- Opt for sugar free dairy sources, such as yoghurts and milk.
- Offer a variety of wholegrains, including quinoa, brown rice, rye, spelt and oats.
- Get them involved. It doesn’t have to be every meal, but they will be more likely to try something new if they’ve helped prepare it.
Outdoor play time
Playing outside can help build a child’s immune system, especially messy play in the dirt. Playing outside helps to expose your child’s skin to good bacteria and helps to strengthen their immunity.3 It also exposes them to healthy levels of vitamin D, which further supports immune development and function.8
Practice good hand washing hygiene
Young children frequently touch their eyes, nose, and mouth without washing their hands. This is the most common way germs are spread.4 Good hand hygiene can help to reduce infection incidence and symptoms.4 Get them involved from a young age and make it fun, see how many bubbles they can make on their hands with the soap.
Specific Nutrients for Immune Health
While good nutrition generally is necessary for immune function, there are some nutrients of particular importance. Keep in mind that if your child has a balanced diet, they will likely be meeting their nutritional needs.
Children have a higher demand for zinc compared to adults, especially during growth spurts.5 Zinc helps to support growth and development, immune function and response, gut health, mood, and behaviour.5
Iron is highly important in the early years, it is involved with brain development, tissue growth and is required for optimal immune responses and function.6 Low iron stores impact white blood cells in the innate immune system, which is the first line of defence against an invading viral or bacterial pathogen.7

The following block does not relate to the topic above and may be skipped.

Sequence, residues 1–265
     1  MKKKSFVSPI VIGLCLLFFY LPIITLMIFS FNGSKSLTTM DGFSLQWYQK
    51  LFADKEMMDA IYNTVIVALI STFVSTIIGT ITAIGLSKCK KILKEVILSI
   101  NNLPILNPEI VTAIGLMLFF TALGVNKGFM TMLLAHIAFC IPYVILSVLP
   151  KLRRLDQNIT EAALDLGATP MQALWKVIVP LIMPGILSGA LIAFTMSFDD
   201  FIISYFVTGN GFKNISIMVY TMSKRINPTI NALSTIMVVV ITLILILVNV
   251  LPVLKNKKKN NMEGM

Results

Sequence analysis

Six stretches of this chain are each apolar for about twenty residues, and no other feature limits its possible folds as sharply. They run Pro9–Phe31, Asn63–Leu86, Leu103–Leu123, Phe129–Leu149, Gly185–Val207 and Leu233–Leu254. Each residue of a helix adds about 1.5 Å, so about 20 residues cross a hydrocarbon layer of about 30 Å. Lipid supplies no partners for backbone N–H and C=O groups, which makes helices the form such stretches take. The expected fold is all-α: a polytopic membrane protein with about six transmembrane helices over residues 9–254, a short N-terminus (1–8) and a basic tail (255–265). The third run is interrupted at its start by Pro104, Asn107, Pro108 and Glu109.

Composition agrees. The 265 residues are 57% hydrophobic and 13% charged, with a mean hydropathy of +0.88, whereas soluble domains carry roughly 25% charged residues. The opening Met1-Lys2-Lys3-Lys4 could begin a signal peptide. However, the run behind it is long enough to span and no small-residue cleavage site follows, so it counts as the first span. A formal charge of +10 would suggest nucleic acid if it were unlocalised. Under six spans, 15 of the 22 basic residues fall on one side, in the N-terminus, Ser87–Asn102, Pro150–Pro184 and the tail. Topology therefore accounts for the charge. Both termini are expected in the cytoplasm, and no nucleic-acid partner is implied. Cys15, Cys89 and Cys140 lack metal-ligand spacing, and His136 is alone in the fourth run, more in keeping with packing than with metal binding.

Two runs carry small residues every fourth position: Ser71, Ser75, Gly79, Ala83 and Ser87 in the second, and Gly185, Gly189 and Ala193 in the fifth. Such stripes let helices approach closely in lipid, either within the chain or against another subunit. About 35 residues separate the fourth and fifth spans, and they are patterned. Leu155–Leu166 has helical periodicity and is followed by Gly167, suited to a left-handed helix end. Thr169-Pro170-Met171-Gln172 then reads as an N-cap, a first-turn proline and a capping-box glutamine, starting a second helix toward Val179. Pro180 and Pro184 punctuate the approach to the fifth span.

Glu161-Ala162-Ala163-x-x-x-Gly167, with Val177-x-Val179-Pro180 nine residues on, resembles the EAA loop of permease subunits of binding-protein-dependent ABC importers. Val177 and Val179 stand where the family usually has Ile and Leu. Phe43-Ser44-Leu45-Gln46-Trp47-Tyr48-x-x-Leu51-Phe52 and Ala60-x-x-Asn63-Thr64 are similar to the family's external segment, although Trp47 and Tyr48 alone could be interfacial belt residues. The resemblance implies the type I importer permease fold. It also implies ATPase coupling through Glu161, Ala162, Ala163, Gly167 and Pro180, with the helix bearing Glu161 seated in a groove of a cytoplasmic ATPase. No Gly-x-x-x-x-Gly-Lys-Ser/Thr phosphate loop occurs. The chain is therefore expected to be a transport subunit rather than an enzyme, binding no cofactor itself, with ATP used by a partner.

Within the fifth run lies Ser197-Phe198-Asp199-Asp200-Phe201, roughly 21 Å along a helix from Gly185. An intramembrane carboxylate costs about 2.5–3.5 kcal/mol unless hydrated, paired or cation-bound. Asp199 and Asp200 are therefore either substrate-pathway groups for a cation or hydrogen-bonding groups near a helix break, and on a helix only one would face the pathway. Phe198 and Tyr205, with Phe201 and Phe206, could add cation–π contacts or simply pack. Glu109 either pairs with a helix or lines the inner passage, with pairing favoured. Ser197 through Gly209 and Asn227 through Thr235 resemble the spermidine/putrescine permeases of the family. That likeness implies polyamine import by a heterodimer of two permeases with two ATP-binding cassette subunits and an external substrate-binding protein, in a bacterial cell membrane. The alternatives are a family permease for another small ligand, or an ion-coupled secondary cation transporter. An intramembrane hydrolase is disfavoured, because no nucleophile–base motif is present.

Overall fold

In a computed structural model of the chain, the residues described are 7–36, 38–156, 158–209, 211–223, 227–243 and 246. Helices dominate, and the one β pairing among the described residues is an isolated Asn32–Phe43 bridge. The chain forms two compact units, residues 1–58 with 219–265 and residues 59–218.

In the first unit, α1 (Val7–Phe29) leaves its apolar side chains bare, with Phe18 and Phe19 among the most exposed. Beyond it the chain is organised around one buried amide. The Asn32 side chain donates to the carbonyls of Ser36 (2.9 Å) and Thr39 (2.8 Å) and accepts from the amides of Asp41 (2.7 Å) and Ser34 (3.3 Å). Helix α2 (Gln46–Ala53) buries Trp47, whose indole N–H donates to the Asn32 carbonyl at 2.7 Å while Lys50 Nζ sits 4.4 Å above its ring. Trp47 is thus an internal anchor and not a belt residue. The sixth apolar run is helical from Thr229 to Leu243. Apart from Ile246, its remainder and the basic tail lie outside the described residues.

Vitamin D helps to regulate the immune system and immune responses to an infection.8 Research has also highlighted that vitamin D supplementation can reduce the rate of infections in children.8
Omega 3 fatty acids
Omega 3 fatty acids are utilised in children to help with brain development and growth, regulation of the nervous system and with immune development.9 Optimal consumption of omega-3 fatty acids helps to activate immune cells and the immune systems response to an infection.10
An optimal balance between the good and bad bacteria within our children’s gut allows for a greater ability to digest foods and absorption of nutrients which helps support immune function.11 Maintaining a healthy balance of bacteria in the digestive tract with probiotics has been shown to help immune response to infections especially upper respiratory tract infections and healthy immune function.12